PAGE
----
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I have a simple raytracer that only works back up to the first intersection. The scene looks OK with two different light sources, but when both lights are in the scene, there are dark shadows where the lit area from one ends, even if in the middle of a lit area from the other light source (particularly noticeable on the green ball). The transition from the 'area lit by both light sources' to the 'area lit by just one light source' seems to be slightly darker than the 'area lit by just one light source'.

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The code where I'm adding the lighting effects is:

// trace lights
        for ( int l=0; l<primitives.count; l++) {

            Primitive* p = [primitives objectAtIndex:l];
            if (p.light) 
                Sphere * lightSource = (Sphere *)p;

                // calculate diffuse shading
                Vector3 *light = [[Vector3 alloc] init];
                light.x = lightSource.centre.x - intersectionPoint.x;
                light.y = lightSource.centre.y - intersectionPoint.y;
                light.z = lightSource.centre.z - intersectionPoint.z;

                [light normalize];

                Vector3 * normal = [[primitiveThatWasHit getNormalAt:intersectionPoint] retain];
                if (primitiveThatWasHit.material.diffuse > 0)
                    float illumination = DOT(normal, light);
                    if (illumination > 0)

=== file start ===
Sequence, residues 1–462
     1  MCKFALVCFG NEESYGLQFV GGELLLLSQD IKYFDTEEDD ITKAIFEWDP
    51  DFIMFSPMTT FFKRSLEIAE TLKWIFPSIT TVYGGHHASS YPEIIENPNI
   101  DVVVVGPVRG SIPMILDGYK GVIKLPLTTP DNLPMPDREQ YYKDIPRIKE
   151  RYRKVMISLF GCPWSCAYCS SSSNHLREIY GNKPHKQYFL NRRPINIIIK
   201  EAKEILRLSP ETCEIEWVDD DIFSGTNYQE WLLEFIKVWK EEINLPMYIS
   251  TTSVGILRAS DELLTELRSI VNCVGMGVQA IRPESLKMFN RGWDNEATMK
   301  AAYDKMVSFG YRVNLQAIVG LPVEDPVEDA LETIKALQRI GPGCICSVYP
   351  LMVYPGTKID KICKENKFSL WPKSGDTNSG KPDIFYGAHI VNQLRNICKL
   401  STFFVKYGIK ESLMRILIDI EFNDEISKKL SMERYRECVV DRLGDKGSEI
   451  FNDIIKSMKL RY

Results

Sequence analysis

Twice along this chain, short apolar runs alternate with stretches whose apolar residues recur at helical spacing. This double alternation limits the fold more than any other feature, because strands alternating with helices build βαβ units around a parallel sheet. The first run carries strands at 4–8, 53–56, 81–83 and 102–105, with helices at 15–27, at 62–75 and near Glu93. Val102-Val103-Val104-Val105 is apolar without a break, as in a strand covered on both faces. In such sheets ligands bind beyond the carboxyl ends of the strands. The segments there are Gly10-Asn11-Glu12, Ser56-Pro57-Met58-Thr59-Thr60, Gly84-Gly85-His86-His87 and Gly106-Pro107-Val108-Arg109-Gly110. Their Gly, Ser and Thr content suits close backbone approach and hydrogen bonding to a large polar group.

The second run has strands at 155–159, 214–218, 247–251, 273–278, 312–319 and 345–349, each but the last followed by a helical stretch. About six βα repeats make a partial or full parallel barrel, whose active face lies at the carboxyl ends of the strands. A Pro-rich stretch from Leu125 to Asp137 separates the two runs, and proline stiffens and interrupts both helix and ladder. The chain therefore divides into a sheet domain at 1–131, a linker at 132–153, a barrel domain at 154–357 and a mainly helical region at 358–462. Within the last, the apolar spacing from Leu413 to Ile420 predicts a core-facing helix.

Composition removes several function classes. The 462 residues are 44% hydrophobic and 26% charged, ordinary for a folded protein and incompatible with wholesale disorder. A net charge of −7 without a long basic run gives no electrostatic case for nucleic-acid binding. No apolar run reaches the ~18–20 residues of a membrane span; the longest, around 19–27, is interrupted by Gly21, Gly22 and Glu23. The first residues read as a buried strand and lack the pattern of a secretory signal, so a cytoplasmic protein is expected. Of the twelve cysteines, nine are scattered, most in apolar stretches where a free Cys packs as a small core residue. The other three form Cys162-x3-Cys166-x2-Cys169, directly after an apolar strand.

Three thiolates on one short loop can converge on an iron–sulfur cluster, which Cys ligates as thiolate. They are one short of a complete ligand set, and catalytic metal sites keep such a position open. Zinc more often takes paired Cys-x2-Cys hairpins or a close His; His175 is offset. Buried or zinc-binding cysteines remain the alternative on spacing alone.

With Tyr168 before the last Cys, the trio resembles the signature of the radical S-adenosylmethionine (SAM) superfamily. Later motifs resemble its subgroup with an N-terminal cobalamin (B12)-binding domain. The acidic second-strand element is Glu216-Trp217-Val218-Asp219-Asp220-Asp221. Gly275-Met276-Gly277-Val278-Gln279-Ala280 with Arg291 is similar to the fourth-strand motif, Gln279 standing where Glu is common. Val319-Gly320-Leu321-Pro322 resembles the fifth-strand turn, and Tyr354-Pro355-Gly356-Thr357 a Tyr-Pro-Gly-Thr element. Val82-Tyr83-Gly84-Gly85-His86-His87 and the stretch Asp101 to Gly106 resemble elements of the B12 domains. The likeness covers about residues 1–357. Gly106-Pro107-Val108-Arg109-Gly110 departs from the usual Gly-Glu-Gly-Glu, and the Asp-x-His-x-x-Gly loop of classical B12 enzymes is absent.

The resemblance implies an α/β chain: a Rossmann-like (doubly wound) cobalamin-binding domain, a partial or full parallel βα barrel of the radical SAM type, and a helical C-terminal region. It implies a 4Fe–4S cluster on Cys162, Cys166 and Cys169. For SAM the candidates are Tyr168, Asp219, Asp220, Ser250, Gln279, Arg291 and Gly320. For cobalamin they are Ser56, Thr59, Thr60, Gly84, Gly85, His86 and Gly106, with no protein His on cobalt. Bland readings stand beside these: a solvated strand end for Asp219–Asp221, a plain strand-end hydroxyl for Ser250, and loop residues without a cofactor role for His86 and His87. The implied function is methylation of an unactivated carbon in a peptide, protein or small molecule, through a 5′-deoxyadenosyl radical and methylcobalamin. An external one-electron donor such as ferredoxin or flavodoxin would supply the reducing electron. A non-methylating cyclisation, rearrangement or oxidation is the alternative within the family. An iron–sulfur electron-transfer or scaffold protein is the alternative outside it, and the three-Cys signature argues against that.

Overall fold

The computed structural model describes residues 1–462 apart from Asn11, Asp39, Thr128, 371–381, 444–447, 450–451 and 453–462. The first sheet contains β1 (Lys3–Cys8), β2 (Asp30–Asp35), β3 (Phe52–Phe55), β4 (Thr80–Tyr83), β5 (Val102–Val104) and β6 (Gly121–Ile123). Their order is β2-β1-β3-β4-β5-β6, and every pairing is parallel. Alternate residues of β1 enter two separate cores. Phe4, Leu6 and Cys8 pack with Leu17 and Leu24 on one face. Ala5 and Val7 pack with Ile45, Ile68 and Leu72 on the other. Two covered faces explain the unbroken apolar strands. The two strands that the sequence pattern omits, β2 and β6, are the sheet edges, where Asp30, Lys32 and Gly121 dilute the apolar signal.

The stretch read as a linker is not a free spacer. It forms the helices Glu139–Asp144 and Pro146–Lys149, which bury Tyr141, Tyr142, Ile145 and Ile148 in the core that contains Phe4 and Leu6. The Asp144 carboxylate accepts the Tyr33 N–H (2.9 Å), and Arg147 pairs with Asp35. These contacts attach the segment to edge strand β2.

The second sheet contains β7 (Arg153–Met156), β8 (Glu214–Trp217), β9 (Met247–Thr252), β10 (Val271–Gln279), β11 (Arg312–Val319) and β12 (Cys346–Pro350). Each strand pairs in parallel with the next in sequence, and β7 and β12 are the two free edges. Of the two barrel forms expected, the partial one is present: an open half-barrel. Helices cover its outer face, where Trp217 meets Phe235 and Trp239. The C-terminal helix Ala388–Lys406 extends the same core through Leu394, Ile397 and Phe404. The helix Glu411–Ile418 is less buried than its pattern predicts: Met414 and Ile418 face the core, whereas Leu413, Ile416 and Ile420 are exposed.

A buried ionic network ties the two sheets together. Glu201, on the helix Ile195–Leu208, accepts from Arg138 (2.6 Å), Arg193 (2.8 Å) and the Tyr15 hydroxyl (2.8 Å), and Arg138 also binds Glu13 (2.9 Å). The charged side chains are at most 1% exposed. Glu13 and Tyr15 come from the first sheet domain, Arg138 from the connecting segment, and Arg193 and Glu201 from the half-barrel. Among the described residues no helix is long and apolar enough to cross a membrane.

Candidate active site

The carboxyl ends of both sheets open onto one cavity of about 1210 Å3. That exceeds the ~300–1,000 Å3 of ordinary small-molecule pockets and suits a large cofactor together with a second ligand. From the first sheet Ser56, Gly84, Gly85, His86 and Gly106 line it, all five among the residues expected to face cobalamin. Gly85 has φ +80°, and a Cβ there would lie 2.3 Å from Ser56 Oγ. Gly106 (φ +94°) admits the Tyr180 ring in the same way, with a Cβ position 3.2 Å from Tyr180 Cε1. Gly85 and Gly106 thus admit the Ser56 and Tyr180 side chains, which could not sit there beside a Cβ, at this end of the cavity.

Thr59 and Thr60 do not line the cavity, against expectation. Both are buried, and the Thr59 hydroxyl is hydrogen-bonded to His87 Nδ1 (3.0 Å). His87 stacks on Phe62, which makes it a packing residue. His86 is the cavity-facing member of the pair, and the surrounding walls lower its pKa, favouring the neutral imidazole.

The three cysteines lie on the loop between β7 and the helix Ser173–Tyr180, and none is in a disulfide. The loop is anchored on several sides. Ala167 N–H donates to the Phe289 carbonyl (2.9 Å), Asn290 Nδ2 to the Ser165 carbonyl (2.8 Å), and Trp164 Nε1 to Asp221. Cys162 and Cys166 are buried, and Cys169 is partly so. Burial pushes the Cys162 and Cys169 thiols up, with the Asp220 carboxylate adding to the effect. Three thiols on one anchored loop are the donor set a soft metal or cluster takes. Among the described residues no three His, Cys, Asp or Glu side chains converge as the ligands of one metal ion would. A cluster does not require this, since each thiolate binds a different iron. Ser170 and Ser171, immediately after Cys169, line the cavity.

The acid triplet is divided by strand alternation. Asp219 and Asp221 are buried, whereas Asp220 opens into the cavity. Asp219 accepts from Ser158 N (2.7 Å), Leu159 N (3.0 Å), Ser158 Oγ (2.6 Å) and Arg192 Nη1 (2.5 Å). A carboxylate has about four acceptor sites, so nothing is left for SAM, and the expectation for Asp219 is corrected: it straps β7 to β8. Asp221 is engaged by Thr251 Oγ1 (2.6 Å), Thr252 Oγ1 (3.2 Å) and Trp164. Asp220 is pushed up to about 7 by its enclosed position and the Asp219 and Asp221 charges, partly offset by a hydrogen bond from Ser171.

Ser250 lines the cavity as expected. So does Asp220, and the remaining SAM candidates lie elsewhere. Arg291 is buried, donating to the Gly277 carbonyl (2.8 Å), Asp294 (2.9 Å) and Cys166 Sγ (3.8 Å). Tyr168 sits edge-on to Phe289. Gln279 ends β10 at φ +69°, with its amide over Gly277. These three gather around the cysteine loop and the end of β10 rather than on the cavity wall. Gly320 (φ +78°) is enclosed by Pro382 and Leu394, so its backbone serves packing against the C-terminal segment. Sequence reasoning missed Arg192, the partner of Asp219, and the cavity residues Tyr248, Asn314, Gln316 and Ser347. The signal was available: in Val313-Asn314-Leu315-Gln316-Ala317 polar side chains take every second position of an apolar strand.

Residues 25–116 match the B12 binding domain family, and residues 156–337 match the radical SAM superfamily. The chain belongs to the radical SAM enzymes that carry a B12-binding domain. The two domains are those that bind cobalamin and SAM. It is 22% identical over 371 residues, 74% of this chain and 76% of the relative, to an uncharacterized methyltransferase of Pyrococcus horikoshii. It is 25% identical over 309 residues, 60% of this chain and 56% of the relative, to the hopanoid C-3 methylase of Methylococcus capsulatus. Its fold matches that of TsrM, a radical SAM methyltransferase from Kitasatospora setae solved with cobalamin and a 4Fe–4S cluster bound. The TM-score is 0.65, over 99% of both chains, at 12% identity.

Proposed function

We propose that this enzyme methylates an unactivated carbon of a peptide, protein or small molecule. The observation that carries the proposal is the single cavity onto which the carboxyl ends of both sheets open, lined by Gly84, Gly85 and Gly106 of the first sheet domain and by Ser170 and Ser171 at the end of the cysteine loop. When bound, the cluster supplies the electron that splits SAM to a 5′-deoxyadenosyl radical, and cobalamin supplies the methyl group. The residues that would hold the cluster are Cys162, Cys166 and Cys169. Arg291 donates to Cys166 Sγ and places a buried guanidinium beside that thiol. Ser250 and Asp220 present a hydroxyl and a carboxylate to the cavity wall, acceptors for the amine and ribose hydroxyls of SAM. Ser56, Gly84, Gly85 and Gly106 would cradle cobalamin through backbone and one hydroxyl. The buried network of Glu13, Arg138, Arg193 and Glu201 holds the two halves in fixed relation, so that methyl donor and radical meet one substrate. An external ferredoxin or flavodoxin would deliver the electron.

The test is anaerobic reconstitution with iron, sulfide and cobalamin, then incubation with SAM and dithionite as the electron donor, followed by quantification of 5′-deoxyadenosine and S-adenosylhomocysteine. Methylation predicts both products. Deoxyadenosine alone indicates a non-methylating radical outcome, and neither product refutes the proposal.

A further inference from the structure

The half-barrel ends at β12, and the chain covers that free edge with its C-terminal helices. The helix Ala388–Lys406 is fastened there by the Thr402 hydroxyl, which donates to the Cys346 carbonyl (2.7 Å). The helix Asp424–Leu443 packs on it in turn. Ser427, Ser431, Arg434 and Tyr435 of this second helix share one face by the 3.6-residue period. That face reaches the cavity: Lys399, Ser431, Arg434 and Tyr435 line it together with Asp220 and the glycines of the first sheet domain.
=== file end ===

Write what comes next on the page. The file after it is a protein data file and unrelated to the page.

float diff = illumination * primitiveThatWasHit.material.diffuse;
                        // add diffuse component to ray color
               += diff * *;
               += diff * *;
               += diff * *;
                [normal release];
                [light release];

How can I make it look right?

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Pretty sure this is just an illusion in the overlapping highlights. – Alex Wayne Apr 16 '10 at 23:33

4 Answers 4

up vote 7 down vote accepted

It's a perceptual effect called Mach banding.

You are also very likely viewing the images in the wrong color space. Your ray tracer is doing the lighting math in a "linear" space, but then you are almost certainly viewing those images on a display with a nonlinear response, and therefore not even seeing the correct results. This could easily be making the Mach bands much more prominent than if you were displaying them properly. Try learning about gamma correction.

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Your eyes are decieving you. If you move the spheres from the 3 pictures together you will very clearly see that the areas are the same color when single light and brighter when double lit. If you want to make it look nicer I suggest you add a whole arc of light sources between the current ones.

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Well, yes, you're absolutely right. I used a colour picker tool and did a comparison of the pixels I was suspicious of. It turns out that they only look darker, they are actually the same colour. – Curyous Apr 17 '10 at 0:20

You've saturated one colour channel in the image; turn down the brightness a bit and see what happens.

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Are you sure your lighting directions are both normalized?

May be worth it to throw an assert in there.

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